Prof. dr. Jan Danckaert
Prof. dr. Roald Hoffmann (Cornell University, USA)
Prof. dr. ir. Veronique van Speybroeck (Universiteit Gent)
Prof. dr. Benoît Champagne (Université de Namur)
Abstract of the PhD research. Title of the PhD thesis: Qualitative Insights into the Transport Properties of Molecular Electronic Devices: A Quantum Chemical Approach
Single-molecule electronics, the study of the electrical transport through single molecules connected in a circuit, can be considered as the ultimate step in the down-sizing of electronic components and thus carries great technological potential. However, chemical understanding of the transport properties of molecules is still rather limited. This provides an impetus for theoretical and experimental chemists alike to investigate the phenomena associated with electric transport through molecules and the influence of the structure of these molecules on them.
Starting from the so-called Source-and-Sink Potential model at Hückel level of theory, an expression for the transmission probability of electrons through a molecule was obtained and cast in a graph-theoretical form. Clear structure-property relationships for the electric transport through molecules were obtained and connected to chemical concepts. With the help of the derived structure-property relationships, the occurrence of quantum interference – leading to an extremely low current when a small voltage is applied – could be predicted based on the structure of the molecule. Additionally, several guiding principles were formulated for tuning the conductivity of molecules, either through geometrical changes, through changes in the aromaticity patterns or through substitution.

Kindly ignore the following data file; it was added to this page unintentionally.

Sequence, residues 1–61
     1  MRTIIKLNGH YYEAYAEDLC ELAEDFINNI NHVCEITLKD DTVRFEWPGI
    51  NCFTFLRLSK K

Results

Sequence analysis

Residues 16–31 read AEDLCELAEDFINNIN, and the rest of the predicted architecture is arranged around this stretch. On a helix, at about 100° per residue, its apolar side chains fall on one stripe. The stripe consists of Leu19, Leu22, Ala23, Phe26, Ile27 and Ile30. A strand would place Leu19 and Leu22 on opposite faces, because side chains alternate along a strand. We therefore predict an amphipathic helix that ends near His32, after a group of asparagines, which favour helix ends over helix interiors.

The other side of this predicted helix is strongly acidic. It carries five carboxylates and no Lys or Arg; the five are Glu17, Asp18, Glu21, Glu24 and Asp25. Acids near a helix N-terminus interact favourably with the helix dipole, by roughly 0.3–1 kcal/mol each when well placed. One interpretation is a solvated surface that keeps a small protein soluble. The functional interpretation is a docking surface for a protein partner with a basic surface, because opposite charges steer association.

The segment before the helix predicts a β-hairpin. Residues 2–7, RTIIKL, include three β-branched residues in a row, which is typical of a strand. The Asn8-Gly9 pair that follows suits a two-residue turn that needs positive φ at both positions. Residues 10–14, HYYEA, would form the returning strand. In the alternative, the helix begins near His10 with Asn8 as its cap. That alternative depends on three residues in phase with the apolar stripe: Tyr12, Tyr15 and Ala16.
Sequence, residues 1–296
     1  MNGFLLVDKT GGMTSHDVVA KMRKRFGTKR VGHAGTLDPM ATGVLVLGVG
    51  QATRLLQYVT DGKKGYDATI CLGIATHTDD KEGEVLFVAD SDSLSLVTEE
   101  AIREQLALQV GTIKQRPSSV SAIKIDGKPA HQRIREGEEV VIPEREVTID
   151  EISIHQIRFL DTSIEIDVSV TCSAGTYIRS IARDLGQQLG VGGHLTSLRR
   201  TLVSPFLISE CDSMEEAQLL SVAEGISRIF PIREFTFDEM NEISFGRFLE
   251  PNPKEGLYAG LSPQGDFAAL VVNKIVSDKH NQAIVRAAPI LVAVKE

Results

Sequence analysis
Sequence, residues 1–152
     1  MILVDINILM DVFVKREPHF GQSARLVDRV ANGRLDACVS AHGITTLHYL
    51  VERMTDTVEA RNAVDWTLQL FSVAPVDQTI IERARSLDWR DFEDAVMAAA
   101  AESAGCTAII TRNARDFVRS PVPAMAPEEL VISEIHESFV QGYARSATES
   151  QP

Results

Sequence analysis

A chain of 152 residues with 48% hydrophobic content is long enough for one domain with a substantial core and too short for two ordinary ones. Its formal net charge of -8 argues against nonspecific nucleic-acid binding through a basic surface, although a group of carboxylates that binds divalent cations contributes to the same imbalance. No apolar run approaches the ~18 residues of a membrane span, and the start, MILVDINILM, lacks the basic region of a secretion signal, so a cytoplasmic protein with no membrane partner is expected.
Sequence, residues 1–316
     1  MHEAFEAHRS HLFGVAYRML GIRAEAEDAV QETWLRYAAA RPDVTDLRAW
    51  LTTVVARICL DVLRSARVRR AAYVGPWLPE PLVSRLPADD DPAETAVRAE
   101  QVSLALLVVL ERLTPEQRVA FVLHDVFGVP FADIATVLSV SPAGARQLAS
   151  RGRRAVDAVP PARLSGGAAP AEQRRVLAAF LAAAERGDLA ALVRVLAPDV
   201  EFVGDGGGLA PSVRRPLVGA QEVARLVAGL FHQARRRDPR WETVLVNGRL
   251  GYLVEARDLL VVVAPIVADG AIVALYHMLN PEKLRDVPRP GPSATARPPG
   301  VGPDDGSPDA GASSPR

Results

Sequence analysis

With all of these tools at hand, a wide range of applications were considered throughout this thesis. We explored the switching properties of a number of light-, redox- and heat sensitive molecules, among which expanded porphyrins. Additionally, we investigated a wide range of molecular wires and all the different ways to make them more/less conducting. Furthermore, the paths the current takes through conjugated molecules has also been studied and a strategy was devised to "seal off" part of the molecule for this current. Finally, we contributed to the further development of the Source-and-Sink Potential formalism, by developing a computer code capable of visualizing the path the current takes through the molecule in real space at higher levels of theory (Hartree-Fock and Density Functional Theory).
Our results will hopefully guide experimentalists in their quest for the design of optimal functional electronic components at the single-molecule-level.
Thijs Stuyver (°1992) graduated as Master of Science in Chemistry at the VUB in 2014. Subsequently, he started his PhD on the topic of molecular electronics. His research was funded by the FWO through an aspirant fellowship. During his PhD, he stayed 3 months at Cornell University, USA (NY). His research has resulted in 12 publications in international peer-reviewed journals, of which 8 as first author. He supervised a bachelor thesis and presented his work at (inter)national conferences. Thijs was also involved in many of the governing bodies of the university as a representative
For more information, please contact Prof. em. Paul Geerlings – 0477 41 07 98